ANWSD cuts budget by 1.3%, foresees tax hike

With all respect to all the parents we have in this community, it feels unfair that Addison is getting ‘repurposed,’ and Ferrisburgh gets to keep everything.
— ANWSD board member Laurie Childers

VERGENNES — After months of intense public debate over how to address sharply rising costs and steadily declining enrollment, the Addison Northwest School District board has proposed a fiscal year 2021 budget that would reduce spending by more than 1% over the current year, avoid programming cuts, minimize education property tax increases and close Addison Central School (ACS) for use as an elementary school.
On Town Meeting Day, March 3, ANWSD residents will be asked to approve $21,842,595 in spending for next year, which is nearly $300,000 less than the amount voters approved for the current fiscal year.
“It represents the most efficient model for maintaining the quality of programming within and across the schools,” said ANWSD Superintendent Sheila Soule. “We are able to maintain all programs and co-curricular offerings at the middle and high school with this budget.”
The school board approved the figure at its Jan. 13 meeting after considering two very different budget scenarios — one that would keep ACS open as an elementary school, and one that would not. The board chose the latter.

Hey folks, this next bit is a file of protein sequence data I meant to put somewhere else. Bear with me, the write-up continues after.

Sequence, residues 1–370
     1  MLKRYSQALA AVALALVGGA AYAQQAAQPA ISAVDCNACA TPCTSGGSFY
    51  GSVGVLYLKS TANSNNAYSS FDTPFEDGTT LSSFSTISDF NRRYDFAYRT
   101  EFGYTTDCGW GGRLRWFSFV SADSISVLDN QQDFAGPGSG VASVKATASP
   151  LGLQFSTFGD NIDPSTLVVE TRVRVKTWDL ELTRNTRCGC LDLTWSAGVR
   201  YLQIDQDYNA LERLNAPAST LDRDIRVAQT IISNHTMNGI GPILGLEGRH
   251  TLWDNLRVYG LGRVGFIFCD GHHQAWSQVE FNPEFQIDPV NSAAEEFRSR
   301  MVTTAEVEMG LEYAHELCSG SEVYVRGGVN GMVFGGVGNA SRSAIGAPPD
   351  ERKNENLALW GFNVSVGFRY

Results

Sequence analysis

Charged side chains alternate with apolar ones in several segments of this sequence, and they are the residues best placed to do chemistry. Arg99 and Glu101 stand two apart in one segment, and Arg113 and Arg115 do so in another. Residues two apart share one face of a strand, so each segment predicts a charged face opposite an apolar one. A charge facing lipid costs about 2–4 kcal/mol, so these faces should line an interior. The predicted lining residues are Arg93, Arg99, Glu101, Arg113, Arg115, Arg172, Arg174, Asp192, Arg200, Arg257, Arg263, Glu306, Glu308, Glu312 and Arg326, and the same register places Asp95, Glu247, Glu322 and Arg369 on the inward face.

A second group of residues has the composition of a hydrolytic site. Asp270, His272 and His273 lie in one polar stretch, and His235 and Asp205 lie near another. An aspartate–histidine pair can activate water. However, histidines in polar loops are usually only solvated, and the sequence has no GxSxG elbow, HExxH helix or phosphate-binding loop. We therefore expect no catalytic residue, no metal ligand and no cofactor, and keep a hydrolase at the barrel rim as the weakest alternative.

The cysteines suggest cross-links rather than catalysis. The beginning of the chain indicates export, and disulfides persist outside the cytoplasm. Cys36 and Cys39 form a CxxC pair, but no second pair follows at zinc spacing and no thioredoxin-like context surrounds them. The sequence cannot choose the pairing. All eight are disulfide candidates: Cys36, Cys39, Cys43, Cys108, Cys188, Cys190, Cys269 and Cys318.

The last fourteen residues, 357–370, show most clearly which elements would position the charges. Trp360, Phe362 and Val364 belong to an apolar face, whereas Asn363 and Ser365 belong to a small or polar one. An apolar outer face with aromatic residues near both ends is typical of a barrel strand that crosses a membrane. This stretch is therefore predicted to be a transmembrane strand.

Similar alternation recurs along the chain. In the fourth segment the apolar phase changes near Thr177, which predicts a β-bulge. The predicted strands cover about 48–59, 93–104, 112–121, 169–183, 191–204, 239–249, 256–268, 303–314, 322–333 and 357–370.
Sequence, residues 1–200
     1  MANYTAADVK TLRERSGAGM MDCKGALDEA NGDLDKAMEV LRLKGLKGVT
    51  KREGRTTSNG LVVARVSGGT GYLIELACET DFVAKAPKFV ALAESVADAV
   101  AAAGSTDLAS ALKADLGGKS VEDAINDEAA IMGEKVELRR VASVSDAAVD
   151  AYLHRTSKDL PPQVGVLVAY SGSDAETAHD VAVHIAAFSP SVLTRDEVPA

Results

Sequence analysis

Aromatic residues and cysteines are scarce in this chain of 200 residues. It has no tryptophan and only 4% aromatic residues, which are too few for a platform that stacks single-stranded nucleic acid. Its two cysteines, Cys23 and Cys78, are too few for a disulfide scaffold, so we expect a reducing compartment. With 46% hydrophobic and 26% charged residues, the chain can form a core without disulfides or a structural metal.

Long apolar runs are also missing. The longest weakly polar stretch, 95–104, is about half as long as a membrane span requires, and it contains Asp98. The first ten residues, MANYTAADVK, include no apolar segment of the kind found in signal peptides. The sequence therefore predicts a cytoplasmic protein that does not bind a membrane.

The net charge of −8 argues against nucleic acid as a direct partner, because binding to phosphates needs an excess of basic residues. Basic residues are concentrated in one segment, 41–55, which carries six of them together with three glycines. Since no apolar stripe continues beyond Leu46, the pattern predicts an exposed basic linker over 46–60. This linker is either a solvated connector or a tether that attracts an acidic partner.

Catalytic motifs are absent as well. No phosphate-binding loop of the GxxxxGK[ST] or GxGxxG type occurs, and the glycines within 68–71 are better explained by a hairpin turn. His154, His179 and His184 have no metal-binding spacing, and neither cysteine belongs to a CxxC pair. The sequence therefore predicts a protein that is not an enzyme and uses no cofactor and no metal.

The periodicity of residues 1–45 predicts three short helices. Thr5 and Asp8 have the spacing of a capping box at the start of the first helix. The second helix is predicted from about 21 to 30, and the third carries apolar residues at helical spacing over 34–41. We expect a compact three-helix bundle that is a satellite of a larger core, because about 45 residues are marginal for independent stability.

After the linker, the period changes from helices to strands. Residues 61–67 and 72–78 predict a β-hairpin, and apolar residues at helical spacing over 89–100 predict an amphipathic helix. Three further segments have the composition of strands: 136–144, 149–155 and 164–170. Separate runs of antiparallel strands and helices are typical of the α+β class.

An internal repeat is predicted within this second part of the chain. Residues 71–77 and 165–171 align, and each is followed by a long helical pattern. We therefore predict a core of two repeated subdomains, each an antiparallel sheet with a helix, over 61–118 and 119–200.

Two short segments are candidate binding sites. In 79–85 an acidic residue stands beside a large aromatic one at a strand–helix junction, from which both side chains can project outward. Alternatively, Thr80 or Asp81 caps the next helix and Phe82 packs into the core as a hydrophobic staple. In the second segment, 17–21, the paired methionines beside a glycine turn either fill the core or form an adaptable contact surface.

On Nov. 5, Addison voters overwhelmingly defeated the ANWSD’s proposal to close Addison Central School as an elementary school on June 30, 2020, and Ferrisburgh voters overwhelmingly defeated a similar proposal for Ferrisburgh Central School (FCS).
Nonetheless, beginning next year, Addison’s elementary students will attend Vergennes Union Elementary School (VUES), and the ACS building will be “repurposed” for alternative education.
This reconfiguration will occur regardless of the outcome of the budget vote in March. The ANWSD board formally eliminated ACS as an elementary school at its Jan. 22 meeting, when it voted to change a district policy that assigns students based on their town of residence.
Addison representative Laurie Childers was the only school board member to vote against the policy change.
“With all respect to all the parents we have in this community, it feels unfair that Addison is getting ‘repurposed,’ and Ferrisburgh gets to keep everything,” Childers said at the meeting. “It bothers me. A lot.”
But, according to Soule, keeping ACS open “would have placed an undue burden on our taxpayers across all five communities” in ANWSD: Addison, Ferrisburgh, Panton, Vergennes and Waltham.
With 62 students, ACS is the fourth-smallest school in Addison County, in terms of enrollment.
Continuing to operate its four classrooms would “duplicate services already being offered elsewhere,” Soule said. “Repurposing (ACS) in this way ensures these costs do not continue to compound and grow, requiring even more painful reductions next year.”

Repurposing ACS will save the district an estimated $1.5 million over the next five years, according to Elizabeth Jennings, ANWSD director of finance and operations.